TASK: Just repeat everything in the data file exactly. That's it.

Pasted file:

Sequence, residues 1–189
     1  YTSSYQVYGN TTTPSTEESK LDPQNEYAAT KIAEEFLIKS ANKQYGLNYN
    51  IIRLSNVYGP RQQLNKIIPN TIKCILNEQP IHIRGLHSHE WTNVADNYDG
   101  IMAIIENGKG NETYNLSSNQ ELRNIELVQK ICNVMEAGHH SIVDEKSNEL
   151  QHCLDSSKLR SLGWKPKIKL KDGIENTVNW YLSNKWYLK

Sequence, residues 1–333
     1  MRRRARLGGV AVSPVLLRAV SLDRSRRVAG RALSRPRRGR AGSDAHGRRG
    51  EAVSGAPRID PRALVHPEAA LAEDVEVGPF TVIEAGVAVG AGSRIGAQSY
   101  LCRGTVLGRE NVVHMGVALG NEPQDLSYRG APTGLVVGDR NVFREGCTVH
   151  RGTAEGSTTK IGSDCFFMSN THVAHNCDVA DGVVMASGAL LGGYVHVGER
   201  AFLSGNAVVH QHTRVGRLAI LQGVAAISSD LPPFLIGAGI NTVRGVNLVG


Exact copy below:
Sequence, residues 1–189
     1  YTSSYQVYGN TTTPSTEESK LDPQNEYAAT KIAEEFLIKS ANKQYGLNYN
    51  IIRLSNVYGP RQQLNKIIPN TIKCILNEQP IHIRGLHSHE WTNVADNYDG
   101  IMAIIENGKG NETYNLSSNQ ELRNIELVQK ICNVMEAGHH SIVDEKSNEL
   151  QHCLDSSKLR SLGWKPKIKL KDGIENTVNW YLSNKWYLK

Sequence, residues 1–333
     1  MRRRARLGGV AVSPVLLRAV SLDRSRRVAG RALSRPRRGR AGSDAHGRRG
    51  EAVSGAPRID PRALVHPEAA LAEDVEVGPF TVIEAGVAVG AGSRIGAQSY
   101  LCRGTVLGRE NVVHMGVALG NEPQDLSYRG APTGLVVGDR NVFREGCTVH
   151  RGTAEGSTTK IGSDCFFMSN THVAHNCDVA DGVVMASGAL LGGYVHVGER
   201  AFLSGNAVVH QHTRVGRLAI LQGVAAISSD LPPFLIGAGI NTVRGVNLVG